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Player Spotlight

Darlington Nagbe: A Special Talent with U.S. Aspirations

The Portland Timbers attacker is a game-changing talent who hopes to play for the U.S. national team someday. In the meantime, he has a huge game this Sunday against Real Salt Lake.

BY Brian Sciaretta Posted
November 22, 2013
11:27 AM
HAVING LOST TO REAL SALT LAKE in the first leg of its Western Conference playoff, the Portland Timbers will need to do something special in Sunday's rematch (9 p.m. Eastern, ESPN). And when the Timbers need a dose of special, all eyes turn toward attacker Darlington Nagbe.

The 23-year-old Nagbe has had a breakout year in 2013, scoring nine goals and chipping in with four assists in 34 regular season games played. His dynamic play extends past the scoresheet, however, and Nagbe's vision and link-up play helps elevate everybody on the squad. In September, the MLS website named Nagbe as the top player in its “24 Under 24” series.

Despite the 4-2 loss in Sandy, Utah, Nagbe is optimistic about the challenge ahead, especially since the Timbers enjoyed an 11-1-5 record at home.

“In training we’ve been focused on ourselves and doing what we do best, and that’s trying attack,” Nagbe told American Soccer Now. “The first leg, I’m not sure what went wrong. They’re a good team with good players. We were trying to play our game and attack. We were unlucky not to come away with more goals."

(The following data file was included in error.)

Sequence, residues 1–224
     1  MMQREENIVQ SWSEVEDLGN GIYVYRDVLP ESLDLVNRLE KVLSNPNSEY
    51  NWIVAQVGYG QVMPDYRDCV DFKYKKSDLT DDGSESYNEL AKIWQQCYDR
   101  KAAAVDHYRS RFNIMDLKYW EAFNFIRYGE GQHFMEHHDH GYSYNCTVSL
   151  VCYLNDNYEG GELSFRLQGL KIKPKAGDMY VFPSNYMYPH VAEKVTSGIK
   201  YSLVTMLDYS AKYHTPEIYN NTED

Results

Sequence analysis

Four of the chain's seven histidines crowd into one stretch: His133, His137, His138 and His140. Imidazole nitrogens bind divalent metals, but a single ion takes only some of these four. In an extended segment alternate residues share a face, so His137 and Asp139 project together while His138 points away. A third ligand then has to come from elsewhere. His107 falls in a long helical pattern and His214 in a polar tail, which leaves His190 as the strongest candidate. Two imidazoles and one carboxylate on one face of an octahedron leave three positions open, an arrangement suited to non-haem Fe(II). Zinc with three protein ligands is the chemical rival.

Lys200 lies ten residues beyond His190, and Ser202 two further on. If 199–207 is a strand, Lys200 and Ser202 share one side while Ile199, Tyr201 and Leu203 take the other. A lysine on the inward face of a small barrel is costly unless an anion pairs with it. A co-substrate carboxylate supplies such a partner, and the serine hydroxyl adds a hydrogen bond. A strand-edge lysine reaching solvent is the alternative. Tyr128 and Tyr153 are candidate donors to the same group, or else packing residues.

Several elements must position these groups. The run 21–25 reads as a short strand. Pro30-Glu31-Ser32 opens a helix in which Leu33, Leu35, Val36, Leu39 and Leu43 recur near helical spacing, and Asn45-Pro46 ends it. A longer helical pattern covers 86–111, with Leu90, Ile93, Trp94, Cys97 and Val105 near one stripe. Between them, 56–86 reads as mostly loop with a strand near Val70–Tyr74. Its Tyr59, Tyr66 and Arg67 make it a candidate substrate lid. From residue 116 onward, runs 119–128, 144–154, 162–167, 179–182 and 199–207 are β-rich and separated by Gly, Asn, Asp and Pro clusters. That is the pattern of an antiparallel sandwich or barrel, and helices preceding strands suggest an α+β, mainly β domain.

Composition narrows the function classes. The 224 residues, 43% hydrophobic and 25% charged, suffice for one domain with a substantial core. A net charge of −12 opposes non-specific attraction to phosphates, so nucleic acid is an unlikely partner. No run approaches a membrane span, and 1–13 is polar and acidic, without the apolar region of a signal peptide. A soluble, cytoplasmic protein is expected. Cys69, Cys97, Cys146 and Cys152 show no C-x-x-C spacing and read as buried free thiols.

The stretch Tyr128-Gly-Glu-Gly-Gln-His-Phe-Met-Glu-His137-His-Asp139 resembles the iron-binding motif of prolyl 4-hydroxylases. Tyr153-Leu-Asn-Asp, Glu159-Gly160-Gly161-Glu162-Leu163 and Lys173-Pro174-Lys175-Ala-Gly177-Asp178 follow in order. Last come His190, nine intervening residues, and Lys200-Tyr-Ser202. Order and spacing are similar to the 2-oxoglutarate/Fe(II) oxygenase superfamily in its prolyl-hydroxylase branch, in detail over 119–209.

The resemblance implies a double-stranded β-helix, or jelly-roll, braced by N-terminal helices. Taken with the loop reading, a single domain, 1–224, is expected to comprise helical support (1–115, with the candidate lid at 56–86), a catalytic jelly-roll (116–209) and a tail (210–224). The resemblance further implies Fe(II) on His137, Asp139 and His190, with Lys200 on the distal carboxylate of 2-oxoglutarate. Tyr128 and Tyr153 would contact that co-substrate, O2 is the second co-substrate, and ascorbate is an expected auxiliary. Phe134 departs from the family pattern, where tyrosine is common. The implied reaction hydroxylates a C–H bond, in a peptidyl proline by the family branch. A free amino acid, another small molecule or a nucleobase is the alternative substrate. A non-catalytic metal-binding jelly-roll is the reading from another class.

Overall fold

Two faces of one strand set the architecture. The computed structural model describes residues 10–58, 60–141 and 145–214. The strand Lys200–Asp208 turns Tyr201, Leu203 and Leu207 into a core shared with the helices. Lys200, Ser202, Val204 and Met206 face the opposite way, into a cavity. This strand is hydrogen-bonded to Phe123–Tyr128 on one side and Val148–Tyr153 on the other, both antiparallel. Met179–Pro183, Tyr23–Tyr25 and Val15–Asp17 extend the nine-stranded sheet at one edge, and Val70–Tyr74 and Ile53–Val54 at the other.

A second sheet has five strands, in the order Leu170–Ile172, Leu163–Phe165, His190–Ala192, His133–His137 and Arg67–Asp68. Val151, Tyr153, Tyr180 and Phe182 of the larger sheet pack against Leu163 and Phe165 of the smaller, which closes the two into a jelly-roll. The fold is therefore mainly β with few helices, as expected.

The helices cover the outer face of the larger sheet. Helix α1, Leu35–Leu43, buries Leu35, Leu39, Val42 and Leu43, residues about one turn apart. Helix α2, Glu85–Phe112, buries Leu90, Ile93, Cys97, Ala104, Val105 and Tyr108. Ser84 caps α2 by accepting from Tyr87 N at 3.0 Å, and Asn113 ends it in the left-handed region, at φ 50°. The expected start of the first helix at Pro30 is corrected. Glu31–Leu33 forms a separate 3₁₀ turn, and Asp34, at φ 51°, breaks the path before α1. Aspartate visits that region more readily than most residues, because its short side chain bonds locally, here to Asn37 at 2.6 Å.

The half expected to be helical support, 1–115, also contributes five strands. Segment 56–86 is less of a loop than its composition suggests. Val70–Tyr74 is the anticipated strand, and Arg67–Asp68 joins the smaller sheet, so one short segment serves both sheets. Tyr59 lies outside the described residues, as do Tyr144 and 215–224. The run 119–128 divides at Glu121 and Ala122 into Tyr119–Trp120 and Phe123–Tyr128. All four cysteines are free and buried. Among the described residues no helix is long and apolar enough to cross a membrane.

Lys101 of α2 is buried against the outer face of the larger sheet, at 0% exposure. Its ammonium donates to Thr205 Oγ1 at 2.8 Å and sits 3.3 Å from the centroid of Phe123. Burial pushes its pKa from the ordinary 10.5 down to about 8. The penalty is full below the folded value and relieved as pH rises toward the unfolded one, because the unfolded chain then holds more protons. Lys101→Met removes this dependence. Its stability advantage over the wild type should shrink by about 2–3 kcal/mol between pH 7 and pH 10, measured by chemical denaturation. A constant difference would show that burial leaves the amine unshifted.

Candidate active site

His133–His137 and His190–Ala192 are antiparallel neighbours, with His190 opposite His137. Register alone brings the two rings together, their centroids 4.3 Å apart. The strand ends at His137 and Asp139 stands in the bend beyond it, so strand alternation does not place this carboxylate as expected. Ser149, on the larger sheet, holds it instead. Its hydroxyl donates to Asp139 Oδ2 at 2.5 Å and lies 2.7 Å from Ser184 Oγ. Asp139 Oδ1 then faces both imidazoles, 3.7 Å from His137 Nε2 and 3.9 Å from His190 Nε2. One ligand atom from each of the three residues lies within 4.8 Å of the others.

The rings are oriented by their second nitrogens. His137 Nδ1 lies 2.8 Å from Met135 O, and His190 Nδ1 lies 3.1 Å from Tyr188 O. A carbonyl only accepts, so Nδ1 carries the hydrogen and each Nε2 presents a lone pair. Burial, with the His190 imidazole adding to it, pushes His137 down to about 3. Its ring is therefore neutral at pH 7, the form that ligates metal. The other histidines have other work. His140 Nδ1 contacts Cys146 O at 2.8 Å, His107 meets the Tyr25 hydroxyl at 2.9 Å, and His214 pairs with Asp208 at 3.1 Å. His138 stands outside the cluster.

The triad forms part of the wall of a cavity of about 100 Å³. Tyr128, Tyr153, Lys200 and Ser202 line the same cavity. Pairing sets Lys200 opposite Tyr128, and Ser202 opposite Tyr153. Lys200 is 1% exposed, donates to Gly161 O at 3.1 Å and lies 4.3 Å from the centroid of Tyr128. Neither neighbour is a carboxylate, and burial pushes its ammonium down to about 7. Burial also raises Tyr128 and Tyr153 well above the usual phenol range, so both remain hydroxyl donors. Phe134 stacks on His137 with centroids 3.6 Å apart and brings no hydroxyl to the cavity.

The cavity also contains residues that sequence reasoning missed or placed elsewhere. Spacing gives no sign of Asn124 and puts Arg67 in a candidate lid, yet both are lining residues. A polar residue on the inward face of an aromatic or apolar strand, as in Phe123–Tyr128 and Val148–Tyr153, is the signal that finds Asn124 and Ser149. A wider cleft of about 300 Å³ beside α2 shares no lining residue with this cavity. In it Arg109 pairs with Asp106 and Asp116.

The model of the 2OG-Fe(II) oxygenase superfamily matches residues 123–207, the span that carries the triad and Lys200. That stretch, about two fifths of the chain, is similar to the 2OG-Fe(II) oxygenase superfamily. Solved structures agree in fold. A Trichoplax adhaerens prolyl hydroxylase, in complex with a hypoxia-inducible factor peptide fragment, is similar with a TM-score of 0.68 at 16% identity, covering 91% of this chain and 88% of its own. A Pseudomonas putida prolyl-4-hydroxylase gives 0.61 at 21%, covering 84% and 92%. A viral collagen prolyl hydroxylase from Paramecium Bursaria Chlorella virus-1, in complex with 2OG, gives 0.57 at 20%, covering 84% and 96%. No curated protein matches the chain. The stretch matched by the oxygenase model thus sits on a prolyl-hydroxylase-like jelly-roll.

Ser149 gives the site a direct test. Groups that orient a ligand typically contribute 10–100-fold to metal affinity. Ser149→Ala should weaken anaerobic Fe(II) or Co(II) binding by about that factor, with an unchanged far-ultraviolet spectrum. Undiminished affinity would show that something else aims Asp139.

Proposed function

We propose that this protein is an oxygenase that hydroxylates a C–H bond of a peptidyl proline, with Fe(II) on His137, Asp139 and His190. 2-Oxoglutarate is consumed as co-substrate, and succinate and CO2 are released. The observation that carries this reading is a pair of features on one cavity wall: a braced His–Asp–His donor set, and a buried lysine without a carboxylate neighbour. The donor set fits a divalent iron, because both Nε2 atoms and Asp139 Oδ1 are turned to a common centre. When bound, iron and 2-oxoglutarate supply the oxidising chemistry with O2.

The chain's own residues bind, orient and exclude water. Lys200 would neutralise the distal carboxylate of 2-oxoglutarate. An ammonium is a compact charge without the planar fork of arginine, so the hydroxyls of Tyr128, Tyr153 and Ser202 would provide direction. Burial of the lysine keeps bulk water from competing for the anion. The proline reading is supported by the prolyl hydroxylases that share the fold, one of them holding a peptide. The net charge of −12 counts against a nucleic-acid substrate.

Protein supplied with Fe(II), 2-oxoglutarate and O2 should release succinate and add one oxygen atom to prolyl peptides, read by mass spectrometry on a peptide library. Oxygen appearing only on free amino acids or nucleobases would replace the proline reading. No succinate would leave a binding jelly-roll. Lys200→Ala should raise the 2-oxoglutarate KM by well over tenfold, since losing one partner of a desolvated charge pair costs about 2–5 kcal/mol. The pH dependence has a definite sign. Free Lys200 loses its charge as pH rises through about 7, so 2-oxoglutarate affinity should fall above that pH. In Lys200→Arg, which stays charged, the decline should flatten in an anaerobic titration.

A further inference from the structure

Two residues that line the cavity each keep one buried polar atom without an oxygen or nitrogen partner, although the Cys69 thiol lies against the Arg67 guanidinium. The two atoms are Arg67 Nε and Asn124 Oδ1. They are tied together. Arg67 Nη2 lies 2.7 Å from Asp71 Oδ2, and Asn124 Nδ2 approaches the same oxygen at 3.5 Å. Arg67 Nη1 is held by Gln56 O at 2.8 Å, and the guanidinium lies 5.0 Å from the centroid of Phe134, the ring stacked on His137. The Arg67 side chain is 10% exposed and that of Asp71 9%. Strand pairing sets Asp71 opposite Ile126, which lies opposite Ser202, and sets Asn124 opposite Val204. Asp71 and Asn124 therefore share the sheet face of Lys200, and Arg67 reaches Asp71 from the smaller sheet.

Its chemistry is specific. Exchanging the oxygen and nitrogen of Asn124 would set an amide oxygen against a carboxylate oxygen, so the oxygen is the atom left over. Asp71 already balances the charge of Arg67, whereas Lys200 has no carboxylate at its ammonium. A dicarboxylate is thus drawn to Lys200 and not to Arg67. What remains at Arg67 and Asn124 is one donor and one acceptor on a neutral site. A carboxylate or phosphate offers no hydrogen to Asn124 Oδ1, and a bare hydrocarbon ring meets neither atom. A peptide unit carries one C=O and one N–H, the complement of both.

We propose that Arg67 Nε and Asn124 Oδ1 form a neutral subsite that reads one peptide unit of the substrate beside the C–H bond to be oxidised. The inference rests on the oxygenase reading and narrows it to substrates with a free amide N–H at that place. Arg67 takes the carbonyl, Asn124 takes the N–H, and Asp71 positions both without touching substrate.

"We’re coming back home, where we’ve known we’ve done well attacking-wise and defensively," he added. "We just have to put two and two together.”

Nagbe credits much of his team’s improvement—as well as his own—to Caleb Porter, who was hired as Timbers head coach earlier this season.

Nagbe played for Porter at the University of Akron when the Zips won the 2010 National Championship. That year Nagbe also won the Hermann Trophy as the best college player in America. He was subsequently drafted second overall in the 2011 MLS Superdraft.

Nagbe has noticed a change in Porter's coaching style as he moved from college to the pros.

“I’d say that right now he’s a little bit more patient with the guys,” Nagbe said of Porter. “They’re grown men and they’re professionals so he’s going to let them work on their mistakes. In college he’d get on them a bit so they didn’t repeat their mistakes. He’s a little calmer. I feel that he’s done a great job. The team has improved a lot from last year and he’s a big reason why.”

Former MLS defender Zarek Valentin, who played with Nagbe at Akron and now is on the books at Bodo/Glimt in Norway, is the not the least bit surprised by the success Porter and Nagbe have enjoyed this season.

“Caleb has this unique ability to get the best out of players,” Valentin said. “Darlington is a prime example because he's a type of player who Caleb allows to be himself. I always tell people Darlington is one of the best players I've ever played with. After that people say something like, ‘Oh haven't you played with some Italian national team guys?’ I respond with yes. Besides Alessandro Nesta and a few others he's definitely up there. He has the best touch I've ever seen and the ability to flip a game at any moment. Not many people have that ability.”